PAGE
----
Fowles, a 6-6 sophomore center, led all scorers with 23 points and added nine rebounds. She added five steals and hit 9-12 field goals.
Augustus, a 6-1 guard who was the national player of the year as a junior, scored 21 points and added five steals and three rebounds.
Auburn was led by senior guard Nitasha Brown, who scored 14 points. No other Tiger got into double figures.
"We had lots of turnovers," said Brown, who noted that she didn't think her team was intimidated by the talented LSU squad that improved to 12-0 overall and 2-0 in the SEC. "I think the turnovers were the main key to the game."
Auburn turned it over 23 times, 13 more than the visitors who shot 47.5 percent from the field while Auburn made just 35.6 percent of their shots.
Neither team did much damage from long range. Auburn hit 2-10 treys while LSU made 3-12. AU was 4-5 on free throws, LSU 6-10.
LSU is ranked number three nationally behind Tennessee and a Duke team that Auburn has already played and lost to 69-37 in Durham, N.C., on Nov. 27th. Auburn coach Nell Fortner's team says she believes LSU is just as talented a team as the ones ranked above them. "I consider them the No. 1 team in this country every bit as much as Tennessee and Duke."
Fortner, the former U.S. Olympic coach and a WNBA coach, said that sophomore Fowles is the most talented women's basketball player she has ever see, college or pro.
Fortner said with the exception of allowing too many transition baskets late in the game, the Tigers played good defense, but offense was a problem.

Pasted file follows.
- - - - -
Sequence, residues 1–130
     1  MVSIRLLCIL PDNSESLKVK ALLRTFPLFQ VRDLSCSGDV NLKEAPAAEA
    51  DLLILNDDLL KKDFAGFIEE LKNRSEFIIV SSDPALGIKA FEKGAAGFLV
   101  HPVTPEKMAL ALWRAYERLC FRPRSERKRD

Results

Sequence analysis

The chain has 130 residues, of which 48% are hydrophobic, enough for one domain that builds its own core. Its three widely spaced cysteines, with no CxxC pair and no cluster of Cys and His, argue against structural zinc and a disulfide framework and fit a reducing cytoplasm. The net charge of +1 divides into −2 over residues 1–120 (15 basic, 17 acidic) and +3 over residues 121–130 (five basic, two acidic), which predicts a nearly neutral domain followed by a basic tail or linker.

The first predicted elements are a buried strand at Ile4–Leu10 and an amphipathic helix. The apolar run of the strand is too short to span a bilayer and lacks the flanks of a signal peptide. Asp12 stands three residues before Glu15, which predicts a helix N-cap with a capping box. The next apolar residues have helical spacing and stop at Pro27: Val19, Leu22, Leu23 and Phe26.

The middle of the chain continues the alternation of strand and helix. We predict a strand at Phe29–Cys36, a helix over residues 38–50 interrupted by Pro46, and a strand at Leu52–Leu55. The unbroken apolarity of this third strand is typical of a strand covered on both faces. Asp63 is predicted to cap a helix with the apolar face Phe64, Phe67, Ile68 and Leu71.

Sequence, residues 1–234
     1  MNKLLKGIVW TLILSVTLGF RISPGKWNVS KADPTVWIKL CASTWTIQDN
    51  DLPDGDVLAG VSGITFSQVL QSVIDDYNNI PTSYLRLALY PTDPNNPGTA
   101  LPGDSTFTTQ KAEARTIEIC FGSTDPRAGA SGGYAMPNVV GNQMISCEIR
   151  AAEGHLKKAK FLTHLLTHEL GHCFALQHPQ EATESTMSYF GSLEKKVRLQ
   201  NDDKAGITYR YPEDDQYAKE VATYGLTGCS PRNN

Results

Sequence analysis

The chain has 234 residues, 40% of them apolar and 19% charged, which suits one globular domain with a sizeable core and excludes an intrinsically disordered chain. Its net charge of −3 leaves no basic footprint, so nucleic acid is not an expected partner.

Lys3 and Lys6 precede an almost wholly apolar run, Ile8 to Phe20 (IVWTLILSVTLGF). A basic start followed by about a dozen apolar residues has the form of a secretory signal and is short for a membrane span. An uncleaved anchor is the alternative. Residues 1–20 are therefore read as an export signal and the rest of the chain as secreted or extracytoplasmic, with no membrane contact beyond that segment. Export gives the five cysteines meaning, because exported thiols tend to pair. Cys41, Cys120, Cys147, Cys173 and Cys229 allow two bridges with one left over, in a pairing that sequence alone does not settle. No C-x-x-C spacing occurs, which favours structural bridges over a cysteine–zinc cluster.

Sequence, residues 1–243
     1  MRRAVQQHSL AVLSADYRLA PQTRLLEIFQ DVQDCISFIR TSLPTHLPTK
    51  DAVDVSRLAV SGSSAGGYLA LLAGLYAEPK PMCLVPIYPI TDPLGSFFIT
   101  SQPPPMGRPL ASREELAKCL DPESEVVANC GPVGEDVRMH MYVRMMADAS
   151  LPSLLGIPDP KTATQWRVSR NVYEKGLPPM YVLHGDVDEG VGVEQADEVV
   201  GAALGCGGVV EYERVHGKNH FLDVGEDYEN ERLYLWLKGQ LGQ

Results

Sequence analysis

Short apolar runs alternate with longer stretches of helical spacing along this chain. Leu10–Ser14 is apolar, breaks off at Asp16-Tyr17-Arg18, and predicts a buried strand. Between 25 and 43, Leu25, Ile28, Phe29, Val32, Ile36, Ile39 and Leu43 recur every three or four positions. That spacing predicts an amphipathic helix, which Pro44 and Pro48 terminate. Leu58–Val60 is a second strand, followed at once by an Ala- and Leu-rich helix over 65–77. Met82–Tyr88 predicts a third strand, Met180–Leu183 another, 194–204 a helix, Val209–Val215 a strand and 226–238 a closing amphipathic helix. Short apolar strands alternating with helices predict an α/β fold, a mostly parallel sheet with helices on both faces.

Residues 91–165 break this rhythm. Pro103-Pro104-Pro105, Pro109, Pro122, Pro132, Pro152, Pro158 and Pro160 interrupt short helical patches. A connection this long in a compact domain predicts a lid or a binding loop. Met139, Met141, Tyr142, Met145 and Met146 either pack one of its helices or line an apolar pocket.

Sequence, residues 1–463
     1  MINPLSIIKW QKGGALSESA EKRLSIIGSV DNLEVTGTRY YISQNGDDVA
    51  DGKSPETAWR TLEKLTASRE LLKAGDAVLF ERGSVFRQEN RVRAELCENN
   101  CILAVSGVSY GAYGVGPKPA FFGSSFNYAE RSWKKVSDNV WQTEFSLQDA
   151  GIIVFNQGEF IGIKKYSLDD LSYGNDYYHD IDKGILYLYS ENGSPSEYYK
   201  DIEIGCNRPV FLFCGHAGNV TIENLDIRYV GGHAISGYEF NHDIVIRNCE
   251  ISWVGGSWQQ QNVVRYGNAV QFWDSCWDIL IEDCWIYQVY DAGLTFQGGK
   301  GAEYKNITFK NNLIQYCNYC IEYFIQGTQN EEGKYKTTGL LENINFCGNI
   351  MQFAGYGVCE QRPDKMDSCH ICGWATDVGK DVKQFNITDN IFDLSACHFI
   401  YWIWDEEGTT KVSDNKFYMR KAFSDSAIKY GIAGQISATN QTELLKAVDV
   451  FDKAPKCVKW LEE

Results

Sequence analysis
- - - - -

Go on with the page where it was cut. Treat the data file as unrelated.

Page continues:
"They are a heck of a good defensive team, too," she says of LSU. "Offensively, we took a lot of quick shots, which is not what we needed to do."
Fortner said LSU appeared to rattle her young team at times, but freshman guard Whitey Boddie said she wasn't intimidated. "LSU's a good team," she said. "We have to learn from this game and move on and try to get better."
LSU jumped to a 40-23 lead by shooting a sizzling 62.1 percent in the first half. The Bayou Bengals shot just 33.3 percent in the second half, but it didn't matter because AU made only 26.1 percent of its second half shots and scored just 15 points in the final 20 minutes.
LSU coach Pokey Chatman, a former LSU player, said she liked what she saw. "For as far back as I can remember, we have had trouble in this building. We came in and played two halves of basketball. We shot 60 percent in the first half, and when you do that, things are going good for you."
Auburn, which fell to 9-5 overall, is 0-1 in SEC play heading into a Sunday game at Alabama.